Beeswax for Candle Making

Beeswax for Candle Making

Beeswax has become a favorite candle making wax amongst enthusiasts. For a long time it was expensive and difficult to get a hold of, but now anyone can get it. What many people really like about this variety of candle wax is that it is completely natural. It’s possible to buy beeswax in sheets from craft stores. This is usually very soft and doesn’t need to be melted in order to create simple, effective candles, which can be great for letting the kids make candles. Beeswax candles can be a little more difficult to get out of molds, so you need to be prepared to deal with this.

Beeswax has a relatively low melting point range of 62 °C to 64 °C (144 °F to 147 °F). If beeswax is heated above 85 °C (185 °F) discoloration occurs. The flash point of beeswax is 204.4 °C (400 °F).

 

Pros 

  • Non-hazardous
  • Non-carcinogenic
  • Dyes are not tested on animals
  • Solvent-free
  • Does not contain hazardous additives such as naphtha or naphthalene
  • We use a minute amount of dye in our candles, less than 0.0125%
  • None of the components in the dye is required to be listed in the California Proposition 65 list of cancer-causing agents
  • Can be shipped in all weather conditions because of its high melt point
 

Cons

  • Considered pricier than other waxes
  • Beeswax can be combined with other waxes to reduce manufacturing costs, be sure to always look for 100% pure beeswax products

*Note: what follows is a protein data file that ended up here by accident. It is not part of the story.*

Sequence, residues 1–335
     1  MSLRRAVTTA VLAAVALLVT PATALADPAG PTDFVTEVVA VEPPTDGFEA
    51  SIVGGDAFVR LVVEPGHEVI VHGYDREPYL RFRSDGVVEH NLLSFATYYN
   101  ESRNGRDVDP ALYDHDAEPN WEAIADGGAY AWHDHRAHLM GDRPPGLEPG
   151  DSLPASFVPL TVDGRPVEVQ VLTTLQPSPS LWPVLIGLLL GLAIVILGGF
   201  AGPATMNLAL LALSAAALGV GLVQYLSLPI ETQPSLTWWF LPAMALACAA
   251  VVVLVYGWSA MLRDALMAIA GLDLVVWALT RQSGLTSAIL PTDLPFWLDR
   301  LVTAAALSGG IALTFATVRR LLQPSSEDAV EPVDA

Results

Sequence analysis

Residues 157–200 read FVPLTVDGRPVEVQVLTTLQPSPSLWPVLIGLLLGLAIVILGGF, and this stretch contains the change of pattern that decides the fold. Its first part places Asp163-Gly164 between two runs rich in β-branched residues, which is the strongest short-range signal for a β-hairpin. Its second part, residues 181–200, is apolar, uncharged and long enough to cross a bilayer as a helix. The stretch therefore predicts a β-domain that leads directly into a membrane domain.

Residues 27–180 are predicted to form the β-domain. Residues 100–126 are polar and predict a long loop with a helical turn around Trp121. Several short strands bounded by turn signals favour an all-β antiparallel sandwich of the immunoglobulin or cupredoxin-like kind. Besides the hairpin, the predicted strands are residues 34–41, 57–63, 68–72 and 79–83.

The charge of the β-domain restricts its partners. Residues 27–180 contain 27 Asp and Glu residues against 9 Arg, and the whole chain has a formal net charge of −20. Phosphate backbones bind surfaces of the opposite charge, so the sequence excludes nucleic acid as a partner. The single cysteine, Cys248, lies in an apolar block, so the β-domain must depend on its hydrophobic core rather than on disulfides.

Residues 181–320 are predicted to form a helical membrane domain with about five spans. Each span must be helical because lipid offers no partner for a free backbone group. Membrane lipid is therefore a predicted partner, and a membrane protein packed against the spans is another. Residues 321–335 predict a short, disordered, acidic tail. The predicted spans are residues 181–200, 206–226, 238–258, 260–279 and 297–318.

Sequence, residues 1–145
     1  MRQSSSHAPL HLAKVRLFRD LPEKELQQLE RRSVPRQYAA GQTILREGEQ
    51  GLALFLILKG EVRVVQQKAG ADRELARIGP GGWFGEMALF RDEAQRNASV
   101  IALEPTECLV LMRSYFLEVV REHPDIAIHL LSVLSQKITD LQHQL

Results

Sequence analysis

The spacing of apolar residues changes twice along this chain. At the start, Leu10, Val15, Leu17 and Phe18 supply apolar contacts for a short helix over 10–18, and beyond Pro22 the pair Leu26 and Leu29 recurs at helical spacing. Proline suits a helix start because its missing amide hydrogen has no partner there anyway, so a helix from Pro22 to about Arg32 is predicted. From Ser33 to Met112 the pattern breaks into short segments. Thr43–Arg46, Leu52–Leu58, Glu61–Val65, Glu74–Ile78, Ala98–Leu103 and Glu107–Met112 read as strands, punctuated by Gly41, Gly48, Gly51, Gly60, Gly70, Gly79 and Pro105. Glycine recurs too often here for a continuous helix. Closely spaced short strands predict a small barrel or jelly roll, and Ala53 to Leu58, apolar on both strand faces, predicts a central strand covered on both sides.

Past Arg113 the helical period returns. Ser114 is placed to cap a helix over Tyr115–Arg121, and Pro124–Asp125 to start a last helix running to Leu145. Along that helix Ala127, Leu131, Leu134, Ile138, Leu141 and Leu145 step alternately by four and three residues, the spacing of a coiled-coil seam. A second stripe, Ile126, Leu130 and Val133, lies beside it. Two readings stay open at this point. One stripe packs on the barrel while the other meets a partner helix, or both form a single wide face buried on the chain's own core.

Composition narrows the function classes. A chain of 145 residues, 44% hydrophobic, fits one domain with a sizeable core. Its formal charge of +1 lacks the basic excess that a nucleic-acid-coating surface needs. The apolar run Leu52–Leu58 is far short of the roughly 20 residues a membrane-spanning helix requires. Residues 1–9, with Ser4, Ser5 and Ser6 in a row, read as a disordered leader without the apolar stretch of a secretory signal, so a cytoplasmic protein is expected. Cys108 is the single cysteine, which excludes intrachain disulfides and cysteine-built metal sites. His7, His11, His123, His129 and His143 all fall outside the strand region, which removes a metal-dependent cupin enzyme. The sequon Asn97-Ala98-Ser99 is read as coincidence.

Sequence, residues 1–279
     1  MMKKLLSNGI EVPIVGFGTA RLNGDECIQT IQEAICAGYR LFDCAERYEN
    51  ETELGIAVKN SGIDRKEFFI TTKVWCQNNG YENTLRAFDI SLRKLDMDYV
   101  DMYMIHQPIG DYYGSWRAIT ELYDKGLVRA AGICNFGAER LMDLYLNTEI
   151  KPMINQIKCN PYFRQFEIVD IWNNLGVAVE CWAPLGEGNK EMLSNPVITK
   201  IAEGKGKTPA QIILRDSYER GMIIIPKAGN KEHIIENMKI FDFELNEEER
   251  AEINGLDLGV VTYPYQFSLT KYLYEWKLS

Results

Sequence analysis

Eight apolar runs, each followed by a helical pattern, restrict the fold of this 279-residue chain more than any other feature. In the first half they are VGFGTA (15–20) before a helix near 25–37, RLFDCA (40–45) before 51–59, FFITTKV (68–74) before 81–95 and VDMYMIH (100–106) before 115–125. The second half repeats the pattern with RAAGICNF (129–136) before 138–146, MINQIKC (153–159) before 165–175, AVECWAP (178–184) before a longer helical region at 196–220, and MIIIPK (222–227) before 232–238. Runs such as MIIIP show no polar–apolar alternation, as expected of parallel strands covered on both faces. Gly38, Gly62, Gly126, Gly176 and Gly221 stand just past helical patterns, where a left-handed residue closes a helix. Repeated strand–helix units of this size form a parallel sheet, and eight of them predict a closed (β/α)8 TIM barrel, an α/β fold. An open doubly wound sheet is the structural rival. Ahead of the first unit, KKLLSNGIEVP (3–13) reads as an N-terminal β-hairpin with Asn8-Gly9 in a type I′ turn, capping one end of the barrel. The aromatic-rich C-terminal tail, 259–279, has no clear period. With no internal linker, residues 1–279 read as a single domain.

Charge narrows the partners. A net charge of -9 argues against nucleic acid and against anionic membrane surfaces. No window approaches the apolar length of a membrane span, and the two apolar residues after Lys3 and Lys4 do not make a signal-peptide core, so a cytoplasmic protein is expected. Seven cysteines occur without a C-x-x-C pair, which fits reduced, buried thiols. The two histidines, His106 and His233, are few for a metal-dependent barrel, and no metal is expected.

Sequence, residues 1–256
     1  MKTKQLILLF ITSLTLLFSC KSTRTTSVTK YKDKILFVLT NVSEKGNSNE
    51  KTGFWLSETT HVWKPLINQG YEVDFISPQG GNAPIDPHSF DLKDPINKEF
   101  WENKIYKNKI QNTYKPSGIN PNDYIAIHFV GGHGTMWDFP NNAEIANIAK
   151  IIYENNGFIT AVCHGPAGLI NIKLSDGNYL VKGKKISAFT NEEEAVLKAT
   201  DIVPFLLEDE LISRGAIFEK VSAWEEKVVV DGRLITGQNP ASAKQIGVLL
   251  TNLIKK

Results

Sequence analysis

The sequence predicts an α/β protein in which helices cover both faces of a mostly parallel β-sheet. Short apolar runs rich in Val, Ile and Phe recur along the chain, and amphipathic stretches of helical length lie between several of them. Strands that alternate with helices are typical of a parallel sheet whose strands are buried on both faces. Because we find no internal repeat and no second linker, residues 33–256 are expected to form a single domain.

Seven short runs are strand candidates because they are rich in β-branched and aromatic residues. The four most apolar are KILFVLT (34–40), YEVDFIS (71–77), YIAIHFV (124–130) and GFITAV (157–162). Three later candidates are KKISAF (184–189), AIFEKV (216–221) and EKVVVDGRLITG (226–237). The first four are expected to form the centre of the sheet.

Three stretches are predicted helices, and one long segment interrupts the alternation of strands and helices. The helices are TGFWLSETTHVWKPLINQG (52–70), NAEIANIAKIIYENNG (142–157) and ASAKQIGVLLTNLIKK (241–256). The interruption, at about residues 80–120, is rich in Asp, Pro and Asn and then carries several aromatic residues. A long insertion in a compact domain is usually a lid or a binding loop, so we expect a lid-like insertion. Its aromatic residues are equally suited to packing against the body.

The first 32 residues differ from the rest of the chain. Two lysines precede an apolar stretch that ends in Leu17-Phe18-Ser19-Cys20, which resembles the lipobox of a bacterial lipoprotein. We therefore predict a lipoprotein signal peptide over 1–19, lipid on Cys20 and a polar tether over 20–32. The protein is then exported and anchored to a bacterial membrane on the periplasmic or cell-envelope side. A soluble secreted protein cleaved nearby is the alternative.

Of all the materials used to make candles, natural beeswax is considered to be the most prestigious, the most elegant and in many cases the most expensive. Candles made with beeswax burn very slowly and cleanly with the sweet aroma of honey, creating a relaxing, intimate atmosphere. Beeswax can be used at 100% or can be blended effectively with paraffin or soy waxes to improve the overall quality. It can also be very beneficial in increasing burn times when blended with paraffin and soy. Beeswax has very little shrinkage and can be used to make container, pillar, votive, novelty or taper candles.

 

Beeswax Candles

  • Beeswax does have soft and tacky properties despite its high melting point. This can make mold release difficult in some cases. We recommend using a silicone spray to ease in mold release every 3rd or 4th pour.
  • The best molds to use with the beeswax are polyurethane or polycarbonate. Aluminum molds will work but mold release is essential to use. We recommend pouring beeswax at 155-165º F for best results.
  • The Square Braided series of wicks were originally designed for beeswax candles and are the most effective. Their open construction and treatment make them ideal for the highly viscous beeswax.
  • The square braided is designed to give you a slight curl when it is burned to minimize blooming (carbon buildup).
  • After a considerable period of time, candles made with beeswax may appear to be covered with a mysterious white powder called “bloom” creating an attractive frosty appearance.
  • Many candle makers like the exotic look of the “bloom” because they feel it gives their candles the look of “age.” “Bloom” has no effect on the way the candle burns and is actually a sign of purity in 100% beeswax.
   

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